Programs that offer HIV tests which are used to identify individuals who have been infected with the Human Immunodeficiency Virus (HIV) and are at risk for developing AIDS (acquired immune deficiency syndrome) or which are used to measure progression of the disease in people known to be infected. The most common HIV screening test is the enzyme immunoassay (EIA) which most frequently uses peripheral blood drawn from the arm or a finger as a sample, but can also be conducted using serum, oral fluids or urine. Repeatedly reactive EIA tests are confirmed using the Western blot or the immunofluorescence assay (IFA). The most common test that is used to measure disease progression is the PCR (polymeraise chain reaction) or viral load test. Many programs that provide HIV testing also provide pre-testing and post-test counselling which includes information about AIDS/HIV, reducing risks for HIV transmission, emotional support to help the individual deal with the testing process and test results, and information about and referral to other AIDS-related services.
Programs that identify individuals who have contracted gonorrhea, syphilis, genital herpes or other diseases that are spread by sexual contact and diagnose their conditions. The procedure includes visual examinations, blood tests and analyses of discharge or samples taken from lesions.
Programs that provide assistance for people who want to control the size of their families and the spacing of their children, usually through some form of birth control; who want to explore options for conceiving; who have a problem with infertility; or who have questions about the advisability of becoming pregnant or following through with a current pregnancy.
Programs that provide information about the physiological and emotional aspects of human sexuality including anatomy and physiology, puberty, pregnancy, birth control, sexually transmitted disease and the subsequent risk of infertility, menopause and the attitudes, feelings and behaviours that are related to sexuality for people of all ages.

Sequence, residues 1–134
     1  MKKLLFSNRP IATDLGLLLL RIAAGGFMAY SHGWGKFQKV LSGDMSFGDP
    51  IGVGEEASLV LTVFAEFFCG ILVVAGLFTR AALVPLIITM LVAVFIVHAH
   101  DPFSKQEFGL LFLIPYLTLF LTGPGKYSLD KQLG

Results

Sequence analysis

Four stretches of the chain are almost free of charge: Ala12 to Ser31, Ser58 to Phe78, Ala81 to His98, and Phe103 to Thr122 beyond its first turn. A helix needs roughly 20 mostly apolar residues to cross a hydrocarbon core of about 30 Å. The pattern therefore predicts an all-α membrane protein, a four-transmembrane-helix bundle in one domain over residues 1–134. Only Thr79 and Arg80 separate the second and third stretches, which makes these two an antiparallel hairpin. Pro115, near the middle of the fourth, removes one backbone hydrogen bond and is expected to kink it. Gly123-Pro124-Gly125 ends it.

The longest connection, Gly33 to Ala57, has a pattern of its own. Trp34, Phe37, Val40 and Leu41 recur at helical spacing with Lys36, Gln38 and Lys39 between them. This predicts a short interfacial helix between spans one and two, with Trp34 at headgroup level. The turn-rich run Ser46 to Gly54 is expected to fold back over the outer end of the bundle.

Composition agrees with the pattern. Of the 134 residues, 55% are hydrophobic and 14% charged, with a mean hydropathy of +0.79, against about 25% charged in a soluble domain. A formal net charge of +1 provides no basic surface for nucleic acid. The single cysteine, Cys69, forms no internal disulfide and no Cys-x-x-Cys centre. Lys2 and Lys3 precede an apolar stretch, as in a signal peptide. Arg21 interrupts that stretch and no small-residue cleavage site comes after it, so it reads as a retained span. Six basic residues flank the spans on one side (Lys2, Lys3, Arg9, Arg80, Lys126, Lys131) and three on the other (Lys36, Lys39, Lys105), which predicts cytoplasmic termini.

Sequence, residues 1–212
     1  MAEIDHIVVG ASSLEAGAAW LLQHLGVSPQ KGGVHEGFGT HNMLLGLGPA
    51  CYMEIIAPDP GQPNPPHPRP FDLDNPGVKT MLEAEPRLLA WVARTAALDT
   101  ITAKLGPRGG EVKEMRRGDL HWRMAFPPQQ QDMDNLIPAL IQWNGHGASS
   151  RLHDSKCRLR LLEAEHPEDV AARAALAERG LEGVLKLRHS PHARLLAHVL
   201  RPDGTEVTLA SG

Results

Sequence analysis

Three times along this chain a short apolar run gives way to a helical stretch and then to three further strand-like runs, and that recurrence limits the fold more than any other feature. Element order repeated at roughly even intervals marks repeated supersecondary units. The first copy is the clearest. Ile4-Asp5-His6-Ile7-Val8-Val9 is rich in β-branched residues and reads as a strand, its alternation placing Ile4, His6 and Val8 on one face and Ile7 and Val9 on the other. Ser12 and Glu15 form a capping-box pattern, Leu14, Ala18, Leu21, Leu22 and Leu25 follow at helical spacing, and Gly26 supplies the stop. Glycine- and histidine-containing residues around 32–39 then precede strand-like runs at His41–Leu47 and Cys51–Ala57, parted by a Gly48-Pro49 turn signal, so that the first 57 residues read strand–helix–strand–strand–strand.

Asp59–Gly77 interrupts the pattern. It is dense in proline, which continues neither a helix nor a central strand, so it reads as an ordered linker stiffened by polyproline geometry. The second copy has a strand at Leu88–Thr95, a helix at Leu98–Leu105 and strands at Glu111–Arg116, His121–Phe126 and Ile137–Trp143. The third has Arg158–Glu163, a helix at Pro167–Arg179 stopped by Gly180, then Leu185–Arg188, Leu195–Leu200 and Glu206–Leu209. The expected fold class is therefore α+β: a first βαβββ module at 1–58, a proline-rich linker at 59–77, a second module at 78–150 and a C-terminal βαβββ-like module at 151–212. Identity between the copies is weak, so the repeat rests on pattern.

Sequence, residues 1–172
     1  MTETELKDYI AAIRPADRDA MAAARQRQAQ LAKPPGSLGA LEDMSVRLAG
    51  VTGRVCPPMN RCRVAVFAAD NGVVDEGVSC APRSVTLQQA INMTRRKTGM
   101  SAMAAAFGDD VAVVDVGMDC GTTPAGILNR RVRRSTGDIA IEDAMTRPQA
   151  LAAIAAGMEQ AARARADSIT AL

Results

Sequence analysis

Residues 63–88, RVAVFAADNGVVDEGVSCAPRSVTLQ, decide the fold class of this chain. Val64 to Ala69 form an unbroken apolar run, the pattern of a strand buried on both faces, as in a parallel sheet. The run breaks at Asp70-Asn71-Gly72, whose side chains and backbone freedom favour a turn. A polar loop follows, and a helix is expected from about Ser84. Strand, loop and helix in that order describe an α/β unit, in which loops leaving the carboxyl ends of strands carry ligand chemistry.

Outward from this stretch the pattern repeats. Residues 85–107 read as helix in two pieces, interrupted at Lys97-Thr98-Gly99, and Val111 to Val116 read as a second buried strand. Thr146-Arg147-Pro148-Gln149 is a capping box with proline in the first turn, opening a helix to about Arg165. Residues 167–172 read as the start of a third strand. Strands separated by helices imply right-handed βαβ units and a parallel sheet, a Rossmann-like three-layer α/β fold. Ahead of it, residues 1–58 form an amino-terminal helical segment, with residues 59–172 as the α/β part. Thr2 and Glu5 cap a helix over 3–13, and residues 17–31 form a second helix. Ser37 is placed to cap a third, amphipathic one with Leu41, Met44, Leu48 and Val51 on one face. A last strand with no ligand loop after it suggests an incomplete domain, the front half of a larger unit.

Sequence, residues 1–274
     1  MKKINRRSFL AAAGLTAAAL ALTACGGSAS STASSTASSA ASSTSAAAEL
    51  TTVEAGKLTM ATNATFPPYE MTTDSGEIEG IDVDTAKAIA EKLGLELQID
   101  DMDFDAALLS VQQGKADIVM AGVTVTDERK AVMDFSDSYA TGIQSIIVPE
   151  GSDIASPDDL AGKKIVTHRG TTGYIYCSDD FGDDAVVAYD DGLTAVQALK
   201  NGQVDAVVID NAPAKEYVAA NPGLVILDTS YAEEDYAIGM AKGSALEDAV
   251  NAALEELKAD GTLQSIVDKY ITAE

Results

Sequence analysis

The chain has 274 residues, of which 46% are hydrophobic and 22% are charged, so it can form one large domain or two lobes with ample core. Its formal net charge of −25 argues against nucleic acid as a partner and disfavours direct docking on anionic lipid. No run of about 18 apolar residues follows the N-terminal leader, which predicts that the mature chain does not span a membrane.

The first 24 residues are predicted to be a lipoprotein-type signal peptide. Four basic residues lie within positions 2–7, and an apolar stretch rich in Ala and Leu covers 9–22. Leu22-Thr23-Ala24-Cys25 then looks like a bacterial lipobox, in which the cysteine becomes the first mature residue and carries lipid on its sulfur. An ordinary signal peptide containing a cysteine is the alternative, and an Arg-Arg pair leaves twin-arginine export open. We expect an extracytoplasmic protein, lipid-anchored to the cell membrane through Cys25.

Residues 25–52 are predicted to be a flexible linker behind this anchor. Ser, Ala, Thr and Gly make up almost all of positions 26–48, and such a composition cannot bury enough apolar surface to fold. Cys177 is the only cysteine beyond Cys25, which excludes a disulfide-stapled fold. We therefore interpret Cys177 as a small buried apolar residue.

Programs that provide comprehensive diagnostic and treatment services which focus on conditions that are typically seen in women. Women's health centres provide services in an emotionally supportive and safe environment, and place emphasis on educational programs that encourage women to take personal responsibility for their own health and wellness.
Programs that provide a wide variety of therapeutic interventions for individuals or couples who are unable to become involved in sexual relationships or whose sexual relationships are unsatisfying. Included are individual or group sessions for one or both partners, conjoint counselling and/or specialized sexual therapy programs which sensitize participants to sexual responsiveness through practicing sexual activity with their own or a surrogate partner.
The above terms and definitions are part of the Taxonomy of Human Services, used here by permission of INFO LINE of Los Angeles.